Monday, May 12, 2014

"The Secrets of Tree Taylor"

Dandi Daley Mackall has written many books for children and adults. She has held a humorist column and served as freelance editor, has hosted over 200 radio phone-in programs, and has made dozens of appearances on TV. She conducts writing assemblies and workshops across the U.S. and keynotes at conferences and young author events. Her YA novel The Silence of Murder won an Edgar Award.

Mackall applied the Page 69 Test to her new novel, The Secrets of Tree Taylor, and reported the following:
From page 69:

Chuck mimicked putting a gun to his head and firing. “So, Tree, what’s your dad say about Old Man Kinney trying to kill himself?”

I didn’t answer.

“I thought it was an accident.” Somehow, Karen had ended up next to Jack again.

“Maybe . . . maybe not.” Chuck walked backward up the street a couple of feet. “Let’s see for ourselves!”

I didn’t want to agree with Chuck, but I liked the idea of checking out the house. Maybe we’d find a clue.

“So, what’s the plan, Chuck?” Jack asked. “You going to waltz up to the door and ask Mrs. Kinney if you can search her house?”

“I’m not going to ask her anything. I’ll see what I can see.” Chuck turned to Penny and me. “Who’s in?”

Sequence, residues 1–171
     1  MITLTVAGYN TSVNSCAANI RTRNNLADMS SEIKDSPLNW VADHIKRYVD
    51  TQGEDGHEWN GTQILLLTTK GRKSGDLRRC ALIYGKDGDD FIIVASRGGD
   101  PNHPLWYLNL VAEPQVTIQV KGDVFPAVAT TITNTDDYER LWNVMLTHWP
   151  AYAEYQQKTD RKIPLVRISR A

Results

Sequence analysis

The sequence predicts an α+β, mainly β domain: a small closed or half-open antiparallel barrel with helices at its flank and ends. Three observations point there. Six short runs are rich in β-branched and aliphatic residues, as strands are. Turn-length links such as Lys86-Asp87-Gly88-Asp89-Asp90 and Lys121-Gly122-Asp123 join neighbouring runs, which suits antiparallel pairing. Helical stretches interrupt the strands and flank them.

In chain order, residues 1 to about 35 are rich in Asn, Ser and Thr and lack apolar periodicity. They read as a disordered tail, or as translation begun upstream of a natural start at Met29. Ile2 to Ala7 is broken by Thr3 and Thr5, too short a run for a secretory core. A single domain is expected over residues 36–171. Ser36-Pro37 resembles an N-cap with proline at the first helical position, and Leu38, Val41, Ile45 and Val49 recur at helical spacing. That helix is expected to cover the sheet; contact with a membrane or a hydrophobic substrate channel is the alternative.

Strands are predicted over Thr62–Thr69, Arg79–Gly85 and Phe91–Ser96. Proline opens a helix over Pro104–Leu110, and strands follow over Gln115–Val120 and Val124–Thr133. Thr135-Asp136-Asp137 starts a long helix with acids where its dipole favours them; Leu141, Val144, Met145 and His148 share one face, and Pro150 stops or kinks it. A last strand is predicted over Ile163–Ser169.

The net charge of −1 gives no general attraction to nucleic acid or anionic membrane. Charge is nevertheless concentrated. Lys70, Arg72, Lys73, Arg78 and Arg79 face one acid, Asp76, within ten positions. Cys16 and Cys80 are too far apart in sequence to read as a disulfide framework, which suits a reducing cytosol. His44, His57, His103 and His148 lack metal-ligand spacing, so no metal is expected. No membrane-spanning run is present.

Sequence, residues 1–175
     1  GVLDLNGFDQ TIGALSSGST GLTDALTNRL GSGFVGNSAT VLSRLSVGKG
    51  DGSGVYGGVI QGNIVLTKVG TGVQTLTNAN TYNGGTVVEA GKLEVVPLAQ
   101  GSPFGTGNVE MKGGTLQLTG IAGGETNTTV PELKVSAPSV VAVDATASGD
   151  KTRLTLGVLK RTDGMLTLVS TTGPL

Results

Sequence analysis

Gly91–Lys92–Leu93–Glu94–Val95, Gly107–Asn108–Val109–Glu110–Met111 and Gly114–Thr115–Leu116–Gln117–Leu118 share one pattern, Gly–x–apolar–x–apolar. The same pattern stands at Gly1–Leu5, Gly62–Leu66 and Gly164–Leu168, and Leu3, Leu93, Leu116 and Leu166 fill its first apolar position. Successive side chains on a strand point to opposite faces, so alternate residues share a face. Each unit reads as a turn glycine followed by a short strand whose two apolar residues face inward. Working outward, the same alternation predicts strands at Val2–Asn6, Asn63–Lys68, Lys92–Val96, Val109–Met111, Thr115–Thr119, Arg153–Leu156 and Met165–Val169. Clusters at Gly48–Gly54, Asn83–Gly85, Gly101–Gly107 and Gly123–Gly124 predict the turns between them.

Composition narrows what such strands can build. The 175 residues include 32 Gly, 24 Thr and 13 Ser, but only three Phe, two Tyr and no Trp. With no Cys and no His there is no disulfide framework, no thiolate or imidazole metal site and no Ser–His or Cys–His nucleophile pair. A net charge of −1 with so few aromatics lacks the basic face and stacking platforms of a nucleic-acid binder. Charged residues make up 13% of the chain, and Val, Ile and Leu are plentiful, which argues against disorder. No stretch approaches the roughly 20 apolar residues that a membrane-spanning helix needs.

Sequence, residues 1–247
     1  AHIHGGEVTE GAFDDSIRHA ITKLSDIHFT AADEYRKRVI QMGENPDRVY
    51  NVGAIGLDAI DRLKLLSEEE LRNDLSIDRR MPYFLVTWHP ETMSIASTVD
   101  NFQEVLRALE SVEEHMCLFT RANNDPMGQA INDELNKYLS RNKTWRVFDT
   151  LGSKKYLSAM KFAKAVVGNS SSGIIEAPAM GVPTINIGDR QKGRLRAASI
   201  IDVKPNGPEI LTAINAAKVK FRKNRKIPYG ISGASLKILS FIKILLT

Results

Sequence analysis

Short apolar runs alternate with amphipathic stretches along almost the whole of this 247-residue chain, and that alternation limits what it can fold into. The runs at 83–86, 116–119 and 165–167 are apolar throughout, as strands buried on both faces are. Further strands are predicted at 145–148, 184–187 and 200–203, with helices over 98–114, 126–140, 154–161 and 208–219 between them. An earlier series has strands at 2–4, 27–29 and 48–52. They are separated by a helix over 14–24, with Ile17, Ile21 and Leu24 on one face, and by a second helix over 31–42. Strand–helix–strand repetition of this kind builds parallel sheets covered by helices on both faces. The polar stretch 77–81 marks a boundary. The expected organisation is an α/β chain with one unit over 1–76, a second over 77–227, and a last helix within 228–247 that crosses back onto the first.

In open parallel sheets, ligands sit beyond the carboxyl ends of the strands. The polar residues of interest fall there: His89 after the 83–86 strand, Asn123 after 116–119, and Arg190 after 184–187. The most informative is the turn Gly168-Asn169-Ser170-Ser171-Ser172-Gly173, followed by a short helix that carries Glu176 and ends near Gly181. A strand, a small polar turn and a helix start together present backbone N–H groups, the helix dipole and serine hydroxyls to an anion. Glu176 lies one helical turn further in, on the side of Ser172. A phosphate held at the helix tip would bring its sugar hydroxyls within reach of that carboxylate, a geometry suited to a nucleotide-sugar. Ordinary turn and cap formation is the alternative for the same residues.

Tree Taylor has two goals for the summer of ’63: 1) Become a writer, or at least, write something that will earn her the freshman spot on the school paper; and 2) Experience her first real kiss. A kiss delivered by a boy. A boy who is not related to her.

So when a gunshot is fired right down the street, Tree knows this is the big story she’s been waiting for. But the more she goes digging, the more secrets she uncovers. And soon she begins to wonder: When is it important to expose the truth? And when is it right to keep a secret? Her summer, and this book, are filled with rock ‘n’ roll, hanging out at the swimming pool…and secrets. Set against the backdrop of the Vietnam War and the soundtrack of the Beach Boys and the Beatles, it’s a story of family, unexpected friendships, dancing under the summer stars, and the power—and weight—of carrying someone else’s secrets.

Page 69 shows the two main characters—Tree and Jack, her lifelong, big-brother-type buddy. And we get a peek at Chuck, one of the story’s bad guys. I guess I was surprised that I think a reader might be able to pick up the “flavor” of the book with this one page. Cool!
Visit Dandi Daley Mackall's website.

Read--Coffee with a Canine: Dandi Daley Mackall & Moxie and Munch.

--Marshal Zeringue